The real booby prize went to The Goldman Sachs Group Inc (NYSE:GS), where third-quarter revenue slipped 1.3% to $11.8 billion and net income slumped by a third to just over $2 billion. As it is primarily an investment bank, Goldman stood to gain less than rivals from interest rate rises but even so, it was worrying to see a 24% decline in net interest income.

    Goldman Sachs.PNG

    Source: interactive investor. Past performance is not a guide to future performance.

    JPMorgan shares have come off a recent peak of $157 to stand just below $150, where the price/earnings (PE) ratio is an undemanding 9.5 and the yield 2.7%. They topped $170 two years ago. Wells Fargo at $42 is also off its recent peak of $46 and well down from a two-year high of $58. The PE is slightly higher than for some rivals at 10.5, with a yield of 3%. Bank of America shares were $49 at the start of last year, but now seem to be stabilising around $27 after a long slide that looks to have been overdone. The PE is now only 7.8 and the yield 3.3%.

    Citigroup has been on a serious downward trajectory since June 2021, losing nearly half its value to $41. That has pushed the PE down to only 6.5 and the yield up to 5%.  At just under $310, Goldman shares are down by just over a quarter from their August 2021 peak, leaving the PE at a more challenging 13.4. The yield of 3.3% is the lowest of the bunch.

    Hobson’s choice: For JPMorgan, Wells Fargo and Bank of America, the pullback in share prices has been overdone and these three merit a buy. Citigroup has rightly been punished more but is now at a level where the advice is to hold. Goldman’s higher PE and lower yield is quite unjustifiable, and shareholders should consider selling. There is far better value elsewhere in the sector.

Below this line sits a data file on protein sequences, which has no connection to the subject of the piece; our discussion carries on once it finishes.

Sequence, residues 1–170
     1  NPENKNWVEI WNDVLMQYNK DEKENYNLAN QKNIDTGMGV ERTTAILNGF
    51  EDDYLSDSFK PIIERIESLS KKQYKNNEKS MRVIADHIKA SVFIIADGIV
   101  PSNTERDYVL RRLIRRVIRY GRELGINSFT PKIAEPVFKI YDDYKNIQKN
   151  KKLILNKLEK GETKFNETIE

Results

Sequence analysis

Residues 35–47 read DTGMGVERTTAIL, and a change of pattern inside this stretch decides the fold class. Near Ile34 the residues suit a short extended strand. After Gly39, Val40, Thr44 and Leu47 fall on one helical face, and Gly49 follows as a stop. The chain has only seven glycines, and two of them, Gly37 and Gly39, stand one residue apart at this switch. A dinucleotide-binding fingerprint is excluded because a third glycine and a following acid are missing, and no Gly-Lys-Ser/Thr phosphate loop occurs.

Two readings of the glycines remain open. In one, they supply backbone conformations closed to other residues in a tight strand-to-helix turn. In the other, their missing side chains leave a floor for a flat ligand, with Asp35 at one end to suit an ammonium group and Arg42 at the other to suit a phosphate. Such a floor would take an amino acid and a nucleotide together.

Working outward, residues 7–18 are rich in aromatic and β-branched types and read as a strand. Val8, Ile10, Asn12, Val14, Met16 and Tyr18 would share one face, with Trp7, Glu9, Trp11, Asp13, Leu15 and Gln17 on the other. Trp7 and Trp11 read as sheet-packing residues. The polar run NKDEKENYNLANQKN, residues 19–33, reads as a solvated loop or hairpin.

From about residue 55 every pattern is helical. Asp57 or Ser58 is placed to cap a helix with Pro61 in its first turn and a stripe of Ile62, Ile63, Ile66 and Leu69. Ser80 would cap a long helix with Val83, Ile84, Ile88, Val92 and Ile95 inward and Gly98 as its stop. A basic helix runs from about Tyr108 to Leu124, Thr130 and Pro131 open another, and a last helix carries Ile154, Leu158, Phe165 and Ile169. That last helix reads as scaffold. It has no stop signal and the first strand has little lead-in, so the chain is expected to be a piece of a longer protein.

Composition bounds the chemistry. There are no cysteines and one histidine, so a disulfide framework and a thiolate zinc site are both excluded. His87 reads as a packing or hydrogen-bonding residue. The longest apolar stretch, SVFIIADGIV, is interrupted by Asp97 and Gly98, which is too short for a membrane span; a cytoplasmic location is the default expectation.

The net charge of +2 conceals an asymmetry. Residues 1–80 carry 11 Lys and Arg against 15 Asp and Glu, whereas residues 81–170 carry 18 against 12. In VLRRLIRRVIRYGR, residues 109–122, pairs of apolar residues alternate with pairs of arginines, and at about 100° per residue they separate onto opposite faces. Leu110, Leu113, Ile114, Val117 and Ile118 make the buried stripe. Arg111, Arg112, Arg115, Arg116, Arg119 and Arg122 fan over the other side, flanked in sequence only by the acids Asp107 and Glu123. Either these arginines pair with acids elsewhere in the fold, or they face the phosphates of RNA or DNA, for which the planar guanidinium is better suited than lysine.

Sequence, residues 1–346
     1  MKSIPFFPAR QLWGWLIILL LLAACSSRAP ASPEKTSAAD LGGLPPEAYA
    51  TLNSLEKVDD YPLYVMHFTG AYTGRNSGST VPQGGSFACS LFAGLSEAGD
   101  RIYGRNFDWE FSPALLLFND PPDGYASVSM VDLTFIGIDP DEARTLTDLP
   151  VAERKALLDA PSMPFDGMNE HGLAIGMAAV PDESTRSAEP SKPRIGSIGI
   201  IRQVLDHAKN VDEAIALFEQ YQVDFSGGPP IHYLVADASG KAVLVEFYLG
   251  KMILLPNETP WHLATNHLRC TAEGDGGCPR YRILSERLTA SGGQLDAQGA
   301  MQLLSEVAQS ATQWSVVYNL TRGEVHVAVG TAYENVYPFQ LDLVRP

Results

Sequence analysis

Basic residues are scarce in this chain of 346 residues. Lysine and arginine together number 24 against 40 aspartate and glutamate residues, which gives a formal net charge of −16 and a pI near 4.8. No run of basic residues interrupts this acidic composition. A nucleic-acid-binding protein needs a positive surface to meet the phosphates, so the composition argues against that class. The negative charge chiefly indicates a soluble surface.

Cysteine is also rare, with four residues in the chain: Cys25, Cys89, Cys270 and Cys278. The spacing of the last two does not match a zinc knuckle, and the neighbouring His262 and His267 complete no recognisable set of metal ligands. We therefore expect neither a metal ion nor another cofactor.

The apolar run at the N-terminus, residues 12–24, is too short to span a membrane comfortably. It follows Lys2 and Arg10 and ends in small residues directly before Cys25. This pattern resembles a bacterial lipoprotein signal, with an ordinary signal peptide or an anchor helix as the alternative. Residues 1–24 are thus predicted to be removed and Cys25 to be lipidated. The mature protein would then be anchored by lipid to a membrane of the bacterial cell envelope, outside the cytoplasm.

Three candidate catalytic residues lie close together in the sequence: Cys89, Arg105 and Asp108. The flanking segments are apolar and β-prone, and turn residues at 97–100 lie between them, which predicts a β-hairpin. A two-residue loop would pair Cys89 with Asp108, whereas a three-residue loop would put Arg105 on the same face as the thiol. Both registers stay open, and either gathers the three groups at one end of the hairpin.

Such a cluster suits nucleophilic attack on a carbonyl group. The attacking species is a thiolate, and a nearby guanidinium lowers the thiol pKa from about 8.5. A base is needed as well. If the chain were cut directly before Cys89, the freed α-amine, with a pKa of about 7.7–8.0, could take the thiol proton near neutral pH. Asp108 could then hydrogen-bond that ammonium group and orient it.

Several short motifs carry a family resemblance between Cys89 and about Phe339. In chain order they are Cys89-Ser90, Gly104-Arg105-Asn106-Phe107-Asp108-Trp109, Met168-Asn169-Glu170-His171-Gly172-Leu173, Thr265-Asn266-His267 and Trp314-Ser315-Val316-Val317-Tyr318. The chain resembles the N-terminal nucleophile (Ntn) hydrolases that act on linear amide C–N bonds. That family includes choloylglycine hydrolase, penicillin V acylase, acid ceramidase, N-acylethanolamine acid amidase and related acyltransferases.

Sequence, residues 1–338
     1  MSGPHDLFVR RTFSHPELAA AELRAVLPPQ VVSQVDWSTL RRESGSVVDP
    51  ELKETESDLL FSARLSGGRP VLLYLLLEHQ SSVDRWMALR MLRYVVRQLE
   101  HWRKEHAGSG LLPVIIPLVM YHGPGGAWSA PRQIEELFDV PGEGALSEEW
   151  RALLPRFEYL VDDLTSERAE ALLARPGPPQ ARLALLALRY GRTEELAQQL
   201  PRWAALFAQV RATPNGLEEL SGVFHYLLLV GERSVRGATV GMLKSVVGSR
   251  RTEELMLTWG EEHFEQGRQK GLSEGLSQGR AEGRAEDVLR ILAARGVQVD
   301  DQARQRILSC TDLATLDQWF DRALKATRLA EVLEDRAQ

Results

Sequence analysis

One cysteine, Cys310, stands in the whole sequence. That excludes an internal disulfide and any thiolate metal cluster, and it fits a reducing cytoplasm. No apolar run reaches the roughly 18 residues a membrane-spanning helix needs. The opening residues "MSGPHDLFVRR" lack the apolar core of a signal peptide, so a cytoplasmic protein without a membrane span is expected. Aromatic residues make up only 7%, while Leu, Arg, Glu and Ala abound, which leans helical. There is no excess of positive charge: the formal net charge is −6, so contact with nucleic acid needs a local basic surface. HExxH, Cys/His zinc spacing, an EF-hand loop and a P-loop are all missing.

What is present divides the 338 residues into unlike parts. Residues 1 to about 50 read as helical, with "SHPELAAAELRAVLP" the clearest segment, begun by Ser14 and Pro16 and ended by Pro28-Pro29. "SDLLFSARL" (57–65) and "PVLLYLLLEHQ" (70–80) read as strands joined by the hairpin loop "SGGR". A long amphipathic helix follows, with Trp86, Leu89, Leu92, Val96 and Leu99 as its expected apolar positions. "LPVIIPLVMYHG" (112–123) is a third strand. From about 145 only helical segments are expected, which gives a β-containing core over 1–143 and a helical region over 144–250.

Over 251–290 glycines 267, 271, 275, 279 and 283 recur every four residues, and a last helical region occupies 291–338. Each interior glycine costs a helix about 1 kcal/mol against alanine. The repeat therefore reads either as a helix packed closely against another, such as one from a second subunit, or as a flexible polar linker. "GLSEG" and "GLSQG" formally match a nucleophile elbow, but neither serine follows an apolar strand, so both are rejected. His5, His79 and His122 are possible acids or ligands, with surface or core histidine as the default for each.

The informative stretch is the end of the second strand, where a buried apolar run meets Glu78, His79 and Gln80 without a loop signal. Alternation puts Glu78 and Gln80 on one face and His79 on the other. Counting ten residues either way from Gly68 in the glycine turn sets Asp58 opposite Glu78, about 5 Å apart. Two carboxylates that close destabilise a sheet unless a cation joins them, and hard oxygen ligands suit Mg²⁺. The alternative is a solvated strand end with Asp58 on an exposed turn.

Rodney Hobson is a freelance contributor and not a direct employee of interactive investor.

    These articles are provided for information purposes only.  Occasionally, an opinion about whether to buy or sell a specific investment may be provided by third parties.  The content is not intended to be a personal recommendation to buy or sell any financial instrument or product, or to adopt any investment strategy as it is not provided based on an assessment of your investing knowledge and experience, your financial situation or your investment objectives. The value of your investments, and the income derived from them, may go down as well as up. You may not get back all the money that you invest. The investments referred to in this article may not be suitable for all investors, and if in doubt, an investor should seek advice from a qualified investment adviser.

    Full performance can be found on the company or index summary page on the interactive investor website. Simply click on the company's or index name highlighted in the article.


    We use a combination of fundamental and technical analysis in forming our view as to the valuation and prospects of an investment. Where relevant we have set out those particular matters we think are important in the above article, but further detail can be found here.